Hi, my name is Margot and I'm a smartphone addict. My fellow addicts are walking around in stores with their heads down staring at the small screen in their hands, not at the beautiful videowalls and large-format displays that were so carefully placed to attract their attention. All of that wonderful messaging might be meaningless if you can't get people's heads up out of their phones — unless you use the phone to draw them in.
So, how do you do that? Mobile technology is pushing retailers to change the way they do business. Quoting my partner, Steven Keith Platt, from an article in PRI's Q3 Journal of Retail Analytics:
"You have a variety of different points of contact, if you will, with the consumer, which are generally referred to as mobile touchpoints. Those can start before the customer leaves for the store. So, for example, on an app, I might put together my shopping list or do some product research. As I head toward the store, I may use a store location GPS-enabled app to check directions and for store hours, as well as to download coupons. Once inside the store, I may engage in product research, price comparisons, and scan barcodes to see usage videos. If I authorized it, a retailer may be communicating highly targeted, one-to-one messaging. At checkout, of course, I might pay with my phone, have coupons scanned, or engage with a loyalty program. Post-purchase, I might look for warranties, rebates, etc."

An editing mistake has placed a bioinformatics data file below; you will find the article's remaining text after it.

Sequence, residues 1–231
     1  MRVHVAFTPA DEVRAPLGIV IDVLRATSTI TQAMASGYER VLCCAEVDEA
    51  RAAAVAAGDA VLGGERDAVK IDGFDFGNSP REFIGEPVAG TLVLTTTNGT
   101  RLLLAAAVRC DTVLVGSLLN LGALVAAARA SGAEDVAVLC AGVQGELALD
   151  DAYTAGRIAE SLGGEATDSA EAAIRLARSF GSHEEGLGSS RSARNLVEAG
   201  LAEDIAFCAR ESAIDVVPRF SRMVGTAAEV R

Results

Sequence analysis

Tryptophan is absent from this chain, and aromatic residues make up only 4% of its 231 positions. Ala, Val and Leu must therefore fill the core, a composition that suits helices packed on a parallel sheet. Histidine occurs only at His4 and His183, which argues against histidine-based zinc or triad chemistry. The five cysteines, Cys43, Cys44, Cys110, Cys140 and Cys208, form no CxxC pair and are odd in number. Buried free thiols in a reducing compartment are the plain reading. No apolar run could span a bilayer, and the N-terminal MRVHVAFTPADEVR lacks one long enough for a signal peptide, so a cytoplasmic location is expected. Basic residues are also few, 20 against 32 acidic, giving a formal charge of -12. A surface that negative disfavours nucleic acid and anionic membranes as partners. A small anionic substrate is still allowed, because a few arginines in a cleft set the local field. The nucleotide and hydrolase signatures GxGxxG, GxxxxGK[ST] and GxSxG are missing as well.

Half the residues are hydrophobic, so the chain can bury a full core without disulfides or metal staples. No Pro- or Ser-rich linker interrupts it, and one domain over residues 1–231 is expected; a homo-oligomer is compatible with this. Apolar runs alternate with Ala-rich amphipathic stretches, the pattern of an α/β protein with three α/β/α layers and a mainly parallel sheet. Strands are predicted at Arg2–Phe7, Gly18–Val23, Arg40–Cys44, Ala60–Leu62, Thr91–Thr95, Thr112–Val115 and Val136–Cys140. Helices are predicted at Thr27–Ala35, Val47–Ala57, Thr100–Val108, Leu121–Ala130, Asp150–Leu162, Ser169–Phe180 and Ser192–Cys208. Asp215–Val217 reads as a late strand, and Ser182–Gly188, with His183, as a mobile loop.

The point of all this is that retailers are learning to integrate mobile technology into their omni-channel marketing strategy. When a retailer can engage customers via their smartphones, provide information that improves their shopping experience, offer targeted messaging that is meaningful to them, and so on, they may still have their heads down in their phones, but the phone becomes another screen for the digital signage network.
You also can encourage shoppers to interact with the larger screens in the network in similar ways. Scan a QR code on a product to see information about it on a nearby display. Activate an NFC tag to see products that coordinate with the item you are looking at. Text a short message to a number that you see on the large display in order to receive a mobile coupon on your phone.
Rather than seeing smartphones as a threat to digital signage networks, retailers should be taking advantage of them by integrating them with all of the other channels they use to communicate with customers. Consistent messaging across multiple channels can only help to strengthen the brand.
Each and every communication platform ... smartphones, print, broadcast, digital, conventional POP displays ... poses a threat to digital signage if those other platforms are providing relevant, compelling experiences and while digital signs are not. With their capacity of delivering specific information customized to the user, smartphones in particular have the ability to make digital sign messaging seem generic and irrelevant by comparison.
But smartphones have a significant limitation: a small screen. They can't attract and engage like a digital sign. So one way to integrate mobile and digital signage is to play to each platforms' strength. Use the broad palette provided by digital signs to grab the attention of the audience. Then create messaging that leads the customer to a more immersive, interactive experience on the smart phone.
A great example: Tesco's interactive virtual grocery store in airports. On the big screen, customers see the "virtual fridge" filled with digital images of typical grocery items. Customers use their mobile devices to "shop"; they fill their virtual cart by scanning images of items on their list. Groceries are then delivered to the customers' home when they return from their trip. So their real fridge is stocked, not empty, when they return home. No need to run out to the grocery at the end of the trip.